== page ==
Doctor insights on:
Medicine For Mydriacyl Allergy
No: This is a prescriptive only iris dilator. Why would you want to use this without the advice of your ophthalmologist anyway? It is one of the common chair side drops used for diagnosis and occasional treatment. ...Read more
Allergies occur when your immune system is triggered by envirionmental factors it should ignore--for example, pollen in the air, or dander on a cat or dog--and creates cells to fight against them. An allergic reaction typically causes itching, congestion, or drainage, and ...Read more
OTC dilating drops: Did you ever find out the answer. I'm curious also ...Read more
Mydriacyl (tropicamide) drops:
Did you ever find out?
I am confused...What would you want with these dilating drops?
If you need them and the eye doctor prescribes them then you can get them here. ...Read more
It can: Tropicamide is a dilating drop, which means it makes your pupil larger, allowing more light in. If you have a corneal or lens condition (scars or certain kinds of cataracts) that affects the center of your vision, dilating your pupil may allow you to see around the blockage (opacity), improving you vision. This is especially true for people with a posterior subcapsular cataract. ...Read more
Mydriacyl (tropicamide): No - at least not in the us. It requires a prescription. ...Read more
Not OTC: This eye drop is by prescription only and cannot be purchased Over The Counter (OTC). ...Read more
How do you know if tropicamide to dilate pupils at eye exam caused glaucoma? Symptoms include heaviness in eyes, mild pain, blurry vision.
Probably not: Tropicamide is a an eye medication gnerally used to dilate the pupil during an eye examination. There is a minimal risk of inducing angle closure glaucoma in patients who are predisposed to this condition. This predispostion is usually determined before the eyes are dilated. The described symptoms are consistent with the effects of tropicamide which are temporary. ...Read more
14 weeks pregnant. Is dilated retinal exam safe with tropicamide 1% only? Perinatal wants exam done for GDM. Is it safe to dilate my eyes?
Stop taking it: If it is an extreme necessity, and there are no alternatives, and you don't know whether this an allergic reaction or an adverse drug reaction (side effect), see an allergist/immunologist for evaluation and possible desensitization to the said drug for treatment of a particular disease episode, good luck ...Read more
Various Options: Daily steroid or antihistamines nasal sprays (fluticasone, azelastine) are helpful. Determining exactly what you could be sensitized to in order to practice appropriate avoidance measures is also important. If medications and avoidance are not effective or not feasible allergen immunotherapy (allergy shots) could be an option as well. Other meds include Sudafed, Mucinex, (guaifenesin) Afrin, oral antihistamines ...Read more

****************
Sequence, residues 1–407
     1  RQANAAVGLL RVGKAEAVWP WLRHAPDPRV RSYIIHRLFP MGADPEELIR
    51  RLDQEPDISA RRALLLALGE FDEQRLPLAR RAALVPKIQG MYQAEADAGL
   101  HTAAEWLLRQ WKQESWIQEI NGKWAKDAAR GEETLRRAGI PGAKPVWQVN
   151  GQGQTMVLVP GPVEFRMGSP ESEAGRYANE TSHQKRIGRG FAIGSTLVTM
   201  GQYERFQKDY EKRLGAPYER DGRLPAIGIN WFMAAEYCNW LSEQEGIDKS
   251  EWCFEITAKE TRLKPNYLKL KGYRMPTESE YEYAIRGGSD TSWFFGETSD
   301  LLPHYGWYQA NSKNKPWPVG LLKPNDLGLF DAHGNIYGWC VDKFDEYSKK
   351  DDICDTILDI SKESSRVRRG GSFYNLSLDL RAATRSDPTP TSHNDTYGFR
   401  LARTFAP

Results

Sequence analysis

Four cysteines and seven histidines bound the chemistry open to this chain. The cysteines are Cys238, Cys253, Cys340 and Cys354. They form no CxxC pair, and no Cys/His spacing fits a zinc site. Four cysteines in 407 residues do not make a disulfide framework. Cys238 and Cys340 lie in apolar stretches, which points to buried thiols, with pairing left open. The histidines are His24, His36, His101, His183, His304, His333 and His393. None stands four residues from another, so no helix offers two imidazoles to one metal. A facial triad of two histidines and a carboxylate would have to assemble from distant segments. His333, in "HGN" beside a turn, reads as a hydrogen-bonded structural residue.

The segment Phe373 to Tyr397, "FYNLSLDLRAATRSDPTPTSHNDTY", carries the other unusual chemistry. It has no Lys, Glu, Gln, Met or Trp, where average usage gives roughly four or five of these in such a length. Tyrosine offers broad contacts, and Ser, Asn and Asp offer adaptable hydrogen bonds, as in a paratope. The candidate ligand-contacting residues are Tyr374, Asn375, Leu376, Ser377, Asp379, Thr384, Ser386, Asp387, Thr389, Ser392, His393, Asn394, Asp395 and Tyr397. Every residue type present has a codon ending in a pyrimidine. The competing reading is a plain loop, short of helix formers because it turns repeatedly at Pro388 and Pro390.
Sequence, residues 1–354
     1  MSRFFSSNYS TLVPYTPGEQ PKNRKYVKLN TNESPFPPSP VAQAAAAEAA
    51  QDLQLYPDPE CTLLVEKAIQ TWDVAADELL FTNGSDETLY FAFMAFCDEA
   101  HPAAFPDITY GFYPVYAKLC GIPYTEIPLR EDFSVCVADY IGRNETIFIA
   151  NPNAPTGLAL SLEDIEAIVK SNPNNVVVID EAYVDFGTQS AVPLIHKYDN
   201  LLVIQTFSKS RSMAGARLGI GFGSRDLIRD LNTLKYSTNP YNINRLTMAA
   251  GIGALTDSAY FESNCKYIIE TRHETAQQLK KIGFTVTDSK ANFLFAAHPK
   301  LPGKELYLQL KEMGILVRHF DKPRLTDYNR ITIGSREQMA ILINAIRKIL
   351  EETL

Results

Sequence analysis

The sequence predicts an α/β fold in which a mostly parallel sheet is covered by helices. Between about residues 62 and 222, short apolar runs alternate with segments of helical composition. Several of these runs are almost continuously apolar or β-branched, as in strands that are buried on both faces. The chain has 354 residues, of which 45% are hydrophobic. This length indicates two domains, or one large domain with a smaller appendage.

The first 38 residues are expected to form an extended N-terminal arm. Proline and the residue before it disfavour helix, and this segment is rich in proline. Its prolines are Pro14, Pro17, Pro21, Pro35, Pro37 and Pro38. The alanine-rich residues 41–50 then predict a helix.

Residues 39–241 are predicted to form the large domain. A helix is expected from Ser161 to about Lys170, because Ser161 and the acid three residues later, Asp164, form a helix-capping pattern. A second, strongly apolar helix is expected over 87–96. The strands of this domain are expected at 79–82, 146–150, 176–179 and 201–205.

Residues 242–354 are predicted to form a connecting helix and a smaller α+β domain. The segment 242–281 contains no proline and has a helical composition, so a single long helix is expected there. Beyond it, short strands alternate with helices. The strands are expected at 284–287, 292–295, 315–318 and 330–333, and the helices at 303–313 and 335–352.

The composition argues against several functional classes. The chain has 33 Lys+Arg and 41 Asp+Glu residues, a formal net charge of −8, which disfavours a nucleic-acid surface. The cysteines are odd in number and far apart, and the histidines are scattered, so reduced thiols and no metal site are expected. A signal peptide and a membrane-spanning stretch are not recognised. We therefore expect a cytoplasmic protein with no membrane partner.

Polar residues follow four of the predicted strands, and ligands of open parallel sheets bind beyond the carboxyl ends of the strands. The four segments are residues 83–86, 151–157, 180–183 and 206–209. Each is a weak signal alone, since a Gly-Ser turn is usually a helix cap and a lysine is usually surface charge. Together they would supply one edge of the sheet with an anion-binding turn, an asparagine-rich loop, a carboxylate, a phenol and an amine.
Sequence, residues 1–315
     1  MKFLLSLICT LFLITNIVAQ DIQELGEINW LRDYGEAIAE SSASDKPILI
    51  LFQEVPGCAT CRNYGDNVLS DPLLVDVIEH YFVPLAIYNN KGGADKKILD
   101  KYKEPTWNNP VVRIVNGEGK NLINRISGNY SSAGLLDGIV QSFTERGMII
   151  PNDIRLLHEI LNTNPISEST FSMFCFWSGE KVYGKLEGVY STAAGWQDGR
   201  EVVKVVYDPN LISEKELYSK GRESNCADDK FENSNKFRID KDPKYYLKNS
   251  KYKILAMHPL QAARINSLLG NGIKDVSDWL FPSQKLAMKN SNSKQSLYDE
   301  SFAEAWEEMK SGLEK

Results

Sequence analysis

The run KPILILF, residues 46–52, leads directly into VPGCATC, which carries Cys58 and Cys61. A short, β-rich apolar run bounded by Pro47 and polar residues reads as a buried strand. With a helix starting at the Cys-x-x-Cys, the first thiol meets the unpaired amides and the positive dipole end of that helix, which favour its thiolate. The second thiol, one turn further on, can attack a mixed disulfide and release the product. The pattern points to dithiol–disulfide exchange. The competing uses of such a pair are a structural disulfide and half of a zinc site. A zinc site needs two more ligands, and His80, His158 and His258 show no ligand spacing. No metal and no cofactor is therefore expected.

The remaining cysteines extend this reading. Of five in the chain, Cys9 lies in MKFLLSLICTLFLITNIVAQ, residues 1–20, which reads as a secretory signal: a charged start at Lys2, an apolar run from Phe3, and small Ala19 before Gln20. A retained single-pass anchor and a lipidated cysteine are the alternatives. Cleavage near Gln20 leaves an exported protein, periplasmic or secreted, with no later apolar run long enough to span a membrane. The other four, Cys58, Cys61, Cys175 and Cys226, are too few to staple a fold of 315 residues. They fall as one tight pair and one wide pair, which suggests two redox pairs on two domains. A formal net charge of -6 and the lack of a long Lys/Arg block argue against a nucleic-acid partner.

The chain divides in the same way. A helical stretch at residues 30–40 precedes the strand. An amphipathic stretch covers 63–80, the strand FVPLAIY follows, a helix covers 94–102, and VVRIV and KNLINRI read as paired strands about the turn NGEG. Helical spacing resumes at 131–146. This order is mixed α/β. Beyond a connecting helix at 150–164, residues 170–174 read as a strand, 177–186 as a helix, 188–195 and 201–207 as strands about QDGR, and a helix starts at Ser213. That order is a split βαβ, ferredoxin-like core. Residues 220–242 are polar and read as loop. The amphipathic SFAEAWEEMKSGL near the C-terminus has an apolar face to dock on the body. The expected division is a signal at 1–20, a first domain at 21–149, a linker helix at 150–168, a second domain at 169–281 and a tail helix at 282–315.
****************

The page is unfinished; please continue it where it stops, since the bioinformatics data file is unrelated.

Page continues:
Could be!: Without understanding the circumstances and the type of reaction, it is impossible to answer the question. If you started the new medicine, and experienced a reaction, it could be due to allergy to the medication. ...Read more
No cure yet, but...: Allergy shots (allergen immunotherapy) is currently the only treatment that is disease modifiying, meaning it can change how the body responds to exposure to allergens. It is "natural" and long lasting effects carry on after shots are stopped. It works for most, but not all people. Closest thing to a cure so far..... For more read my blog at: http://www. Familyallergyasthmacare. Com/2013/03/its-no. ...Read more
OTC Allergy: Not fair. Truly, it is trial-and-error. What works best for you might not work best for someone else. Loratadine is the weakest binding non-sedating antihistamine; Cetirizine is the strongest binding non-sedating antihistamine. Benadryl (diphenhydramine) works better than both but it makes people sleepy. ...Read more
Several choices: The most effective treatment for relief of seasonal allergies are prescription nasal steroid sprays (qnasl, nasonex, (mometasone) rhinocort, flonase). If symptoms are mild then over the counter zyrtec, claritin, or Allegra can help. It's best to start treating seasonal allergies before the "season" starts. This is a prevention approach. If the above meds haven't controlled symptoms, consider allergy shots. ...Read more
Big question: There are a lot of allergy medications & your time span is enormous. Could you take a medication that expired last month? Yes. Last year? Yes, but it might not work as well. Five years ago? Sure but why bother? Medications don't become dangerous as they age just gradually less effective. One exception is Epinephrine it rapidly loses effectiveness after expiration & its needed to save lives. ...Read more
Think whole airway: Upper airway allergies trigger clear, watery discharge along with itch and congestion; this can tickle the back of throat: thus cough - but lower airway involvement must be considered. Allergies can cause cough through asthma-like reactions (or outright cough asthma). Albuterol inhaler +\-montelukast worth a try after oral antihistamines and nasal steroids/antihistamines. ...Read more
ALLERGIC RHINITIS: YES:Allergic rhinitis causes Swelling of nasal mucosa/itchy eyes /post nasal drip. You can do nasal irrigation with Neil Med system. Zaditor (ketotifen) Eye Drops and Claritin & Flonase are all effective. If symptoms persist follow up with your doctor for exam and labs ...Read more